Print

Print


Yes, the "Merchant of Venice" with Pacino is brilliant, as is he.  I did
not even recognize it was Pacino at first, and I'm a Pacino fan.  Do see
it.

Without giving away anything, one particularly dumb objection I heard
to "Ladies in Lavender" was the absence of any explanation for what
happens in the opening.  It's mythic and stunning--not simplistic
realism.
Nancy

>>> [log in to unmask] 4/10/2006 2:10 pm >>>
Thanks for Ladies in Lavender  this I will add to my movies -to- be-
seen -when -next -in -the- free -world. 
With those two it is hard to go wrong. (not forgetting Vanessa
Redgrave)
Has anyone seen Al Pacino in Merchant of Venice?  - I was told of it
recently.
Mike

  ----- Original Message ----- 
  From: Nancy Gish 
  To: [log in to unmask] 
  Sent: Monday, April 10, 2006 5:58 PM
  Subject: Re: movies


  I agree with this list except for "Brokeback Mountain," which was, I
think, magnificent, complex, and beautiful.  The buzz was entirely
deserved, and I think it should have been best picture.  "Crash" was
good but, on reflection, it took a serious topic and scattered it so
much that you could not really care much about any individual character,
and the very important issue became a bit too obvious after a while. 
I'm not denying its impact.

  Another film I think was one of the best, not only of this year but
of all my experience, was "Ladies in Lavender" with Maggie Smith and
Judy Dench.  I think it was ignored and dismissed because it was about
the poignant discovery of desire in an old woman who had never
experienced it.  We are all expected to take seriously the notion that
gorgeous very young women will swoon over Jack Nicholson or Bill Murray,
but this very delicate, intelligent, and incredibly well acted film was
just ignored.  I never see films twice, but that one I did, and I went
back to see it a third time just to watch Judi Dench's face--every
slight expression can wrench the heart in both those women--but The
Movies was closed for the only time in my memory.
  Nancy

  >>> [log in to unmask] 04/10/06 10:36 AM >>>
  Kate, 
  Here are some of the better films to come out last
  year, revised to fit your search ("thoughtful(but not
  violent) and... romantic(when well done), and comedy
  only when extremely well done."):

  2046 (dir. Wong Kar-Wai)
  BROKEBACK MOUNTAIN (dir. Ang Lee)
  BROKEN FLOWERS (dir. Jim Jarmusch)
  CINDERELLA MAN (dir. Ron Howard)
  THE CONSTANT GARDENER (dir. Fernando Meirelles)
  CRASH (dir. Paul Haggis)
  DER UNTERGANG (dir. Oliver Hirschbiegel) -- some
  violence
  ENRON: THE SMARTEST GUYS IN THE ROOM (dir. Alex
  Gibney)
  EVERYTHING IS ILLUMINATED (dir. Liev Schreiber)
  GOOD NIGHT, AND GOOD LUCK (dir. George Clooney)
  GRIZZLY MAN (dir. Werner Herzog)
  IN HER SHOES (dir. CURTIS HANSON) -- comedy
  JUNEBUG (dir. Phil Morrison)
  LA MARCHE DE L'EMPEREUR (dir. Luc Jacquet)
  MAD HOT BALLROOM (dir. Marilyn Agrelo) -- a comic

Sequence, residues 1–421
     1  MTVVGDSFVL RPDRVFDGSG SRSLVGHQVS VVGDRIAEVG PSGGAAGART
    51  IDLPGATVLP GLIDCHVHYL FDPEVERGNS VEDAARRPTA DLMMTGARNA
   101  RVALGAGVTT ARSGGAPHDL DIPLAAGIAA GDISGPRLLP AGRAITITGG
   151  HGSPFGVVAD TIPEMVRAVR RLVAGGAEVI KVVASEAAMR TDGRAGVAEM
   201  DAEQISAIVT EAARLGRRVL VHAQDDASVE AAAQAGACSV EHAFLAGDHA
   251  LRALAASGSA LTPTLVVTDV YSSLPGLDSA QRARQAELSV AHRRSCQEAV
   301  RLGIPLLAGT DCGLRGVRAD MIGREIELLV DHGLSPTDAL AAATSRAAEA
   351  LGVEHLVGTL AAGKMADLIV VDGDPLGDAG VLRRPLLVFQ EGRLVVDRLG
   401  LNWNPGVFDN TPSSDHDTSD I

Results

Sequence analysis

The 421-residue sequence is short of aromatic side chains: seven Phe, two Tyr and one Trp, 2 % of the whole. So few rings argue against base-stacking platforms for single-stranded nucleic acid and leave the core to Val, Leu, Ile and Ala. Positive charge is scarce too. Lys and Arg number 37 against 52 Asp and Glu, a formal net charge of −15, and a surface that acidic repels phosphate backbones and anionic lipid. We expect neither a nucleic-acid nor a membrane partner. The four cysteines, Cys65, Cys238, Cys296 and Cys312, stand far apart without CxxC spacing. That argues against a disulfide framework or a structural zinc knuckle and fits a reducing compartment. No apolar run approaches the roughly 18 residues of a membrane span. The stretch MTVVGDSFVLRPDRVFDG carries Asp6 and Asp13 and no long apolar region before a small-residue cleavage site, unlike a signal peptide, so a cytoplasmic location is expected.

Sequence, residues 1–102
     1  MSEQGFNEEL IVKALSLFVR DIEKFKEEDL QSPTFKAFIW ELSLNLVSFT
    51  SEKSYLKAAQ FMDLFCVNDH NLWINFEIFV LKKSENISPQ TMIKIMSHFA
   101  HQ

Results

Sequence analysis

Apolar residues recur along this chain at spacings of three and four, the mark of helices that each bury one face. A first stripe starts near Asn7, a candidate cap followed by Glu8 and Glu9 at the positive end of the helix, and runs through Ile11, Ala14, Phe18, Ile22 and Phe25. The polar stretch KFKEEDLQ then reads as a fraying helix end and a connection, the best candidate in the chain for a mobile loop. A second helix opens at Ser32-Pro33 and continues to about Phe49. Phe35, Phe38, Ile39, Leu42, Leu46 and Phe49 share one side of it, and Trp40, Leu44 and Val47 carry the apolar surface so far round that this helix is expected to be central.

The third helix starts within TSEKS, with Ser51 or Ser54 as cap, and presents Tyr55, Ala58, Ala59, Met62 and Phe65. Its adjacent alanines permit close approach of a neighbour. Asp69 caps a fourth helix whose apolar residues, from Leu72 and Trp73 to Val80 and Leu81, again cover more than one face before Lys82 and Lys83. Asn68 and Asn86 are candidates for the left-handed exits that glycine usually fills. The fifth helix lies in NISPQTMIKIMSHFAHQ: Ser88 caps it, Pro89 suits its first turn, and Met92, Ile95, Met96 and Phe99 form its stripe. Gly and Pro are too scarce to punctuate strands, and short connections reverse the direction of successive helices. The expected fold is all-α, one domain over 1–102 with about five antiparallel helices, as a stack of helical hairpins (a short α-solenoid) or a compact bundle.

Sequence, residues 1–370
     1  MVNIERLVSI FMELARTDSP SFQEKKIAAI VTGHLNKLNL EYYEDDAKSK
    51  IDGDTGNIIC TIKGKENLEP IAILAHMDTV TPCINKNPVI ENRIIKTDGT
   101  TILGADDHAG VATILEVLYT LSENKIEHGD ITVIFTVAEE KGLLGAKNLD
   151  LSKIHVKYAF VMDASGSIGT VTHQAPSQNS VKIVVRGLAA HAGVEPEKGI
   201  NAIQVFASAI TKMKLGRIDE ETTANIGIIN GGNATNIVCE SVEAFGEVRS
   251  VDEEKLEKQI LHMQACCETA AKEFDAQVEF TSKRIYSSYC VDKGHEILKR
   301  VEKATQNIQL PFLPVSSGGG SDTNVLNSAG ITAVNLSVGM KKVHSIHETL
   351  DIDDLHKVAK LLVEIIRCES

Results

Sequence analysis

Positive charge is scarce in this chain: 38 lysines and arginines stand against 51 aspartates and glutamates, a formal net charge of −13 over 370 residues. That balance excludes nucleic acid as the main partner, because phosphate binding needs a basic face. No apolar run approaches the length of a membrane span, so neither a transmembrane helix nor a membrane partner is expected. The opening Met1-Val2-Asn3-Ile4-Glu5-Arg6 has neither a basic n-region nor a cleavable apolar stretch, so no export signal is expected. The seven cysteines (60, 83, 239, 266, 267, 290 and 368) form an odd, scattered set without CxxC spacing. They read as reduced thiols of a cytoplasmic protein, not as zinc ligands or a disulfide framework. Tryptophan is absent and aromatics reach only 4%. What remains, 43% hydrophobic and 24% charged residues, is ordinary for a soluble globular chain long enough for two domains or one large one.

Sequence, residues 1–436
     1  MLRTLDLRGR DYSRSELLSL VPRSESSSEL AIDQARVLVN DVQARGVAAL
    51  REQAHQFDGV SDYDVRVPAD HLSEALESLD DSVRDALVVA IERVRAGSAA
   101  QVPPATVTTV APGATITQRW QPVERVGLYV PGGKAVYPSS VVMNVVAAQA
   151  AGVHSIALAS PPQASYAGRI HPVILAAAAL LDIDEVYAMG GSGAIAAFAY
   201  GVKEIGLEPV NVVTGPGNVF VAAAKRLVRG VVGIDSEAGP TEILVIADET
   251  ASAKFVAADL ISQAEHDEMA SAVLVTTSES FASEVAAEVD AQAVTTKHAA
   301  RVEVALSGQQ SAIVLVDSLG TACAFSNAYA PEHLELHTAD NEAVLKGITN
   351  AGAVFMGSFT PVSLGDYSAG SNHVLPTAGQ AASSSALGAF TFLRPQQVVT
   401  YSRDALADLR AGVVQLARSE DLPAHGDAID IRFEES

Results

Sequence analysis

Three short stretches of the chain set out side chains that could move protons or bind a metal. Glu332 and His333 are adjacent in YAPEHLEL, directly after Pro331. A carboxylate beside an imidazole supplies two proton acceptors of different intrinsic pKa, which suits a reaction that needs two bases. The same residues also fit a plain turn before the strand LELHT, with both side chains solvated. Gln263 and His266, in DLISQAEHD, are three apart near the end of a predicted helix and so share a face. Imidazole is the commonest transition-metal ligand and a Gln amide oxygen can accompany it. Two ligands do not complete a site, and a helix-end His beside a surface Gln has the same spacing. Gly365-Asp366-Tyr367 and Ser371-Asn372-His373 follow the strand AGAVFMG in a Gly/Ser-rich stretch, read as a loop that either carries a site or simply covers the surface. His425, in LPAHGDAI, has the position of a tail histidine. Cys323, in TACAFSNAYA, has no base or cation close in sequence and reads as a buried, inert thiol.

documentary
  ME AND YOU AND EVERYONE WE KNOW (dir. Miranda July)
  MEMOIRS OF A GEISHA (dir. Rob Marshall)
  MUNICH (dir. Steven Spielberg) -- some violence
  NINE LIVES (dir. Rodrigo Garcia)
  WALK THE LINE (dir. James Mangold)

  By the way, I was sorry to see your comments on the
  new version of PRIDE & PREJUDICE. I'm afraid you've
  fallen prey to that common fallacy * that a good
  adaptation should accurately duplicate everything in
  the book. This fallacy forgets that the media of
  literature and film use completely different (IMO)
  forms of communication, and has produced what we might
  call the "stagey" style of film. I believe a great
  adaptation is one that captures what is going on in
  the work of fiction and faithfully re-creates that in
  terms of film. I liked both versions of the PRIDE &
  PREJUDICE films very much (1995 and 2005), but found
  the new one far superior as a film. You are right that
  Keira did not deserve her nomination, but there were
  unfortunately quite few excellent performances from
  lead actresses this past year. Otherwise, the only
  other nomination I was aware of was for the film's
  score, which is quite fine and deserving of its
  attention.
  From your choices below, I would go with GOOD NIGHT,
  AND GOOD LUCK, an excellent film. BROKEBACK MOUNTAIN
  is quite interesting, but not nearly as successful as
  the buzz would have you believe.

  All best wishes,
  Will

  >   Kate Troy <[log in to unmask]> wrote: 
  >     I called my husband on the cell phone yesterday
  > while out during the day and asked what he wanted to
  > do during the evening, as we had no plans.  He said
  > that he already took care of that, that he had went
  > to the video store and took out the new Pride and
  > Prejudice that had just come out on video that I had
  > been longing to see.  Well, it was very sweet of my
  > husband, but it was an extremely poor, pathetic
  > adaptation, and I can't believe that it had been
  > nominated for Academy Awards.  The one before this
  > one, I really loved, the one before that was great
  > also, and the book best of all, but this film was
  > simply awful.  And, this is truth, and not politics.
  > My husband asked me today what I wanted to see the
  > next time he was at the video store, and I couldn't
  > make up my mind between Good Night and Good Luck and
  > that mountain film, Broback Mountain, I think it's
  > called.  Anyone have any great suggestion, keeping
  > in mind that I like thoughtful(but not violent) and
  > that I like romantic(when well done), and comedy
  > only when extremely well done.
  > 
  >     Regards,
  > 
  >     Kate

  __________________________________________________
  Do You Yahoo!?
  Tired of spam?  Yahoo! Mail has the best spam protection around 
  http://mail.yahoo.com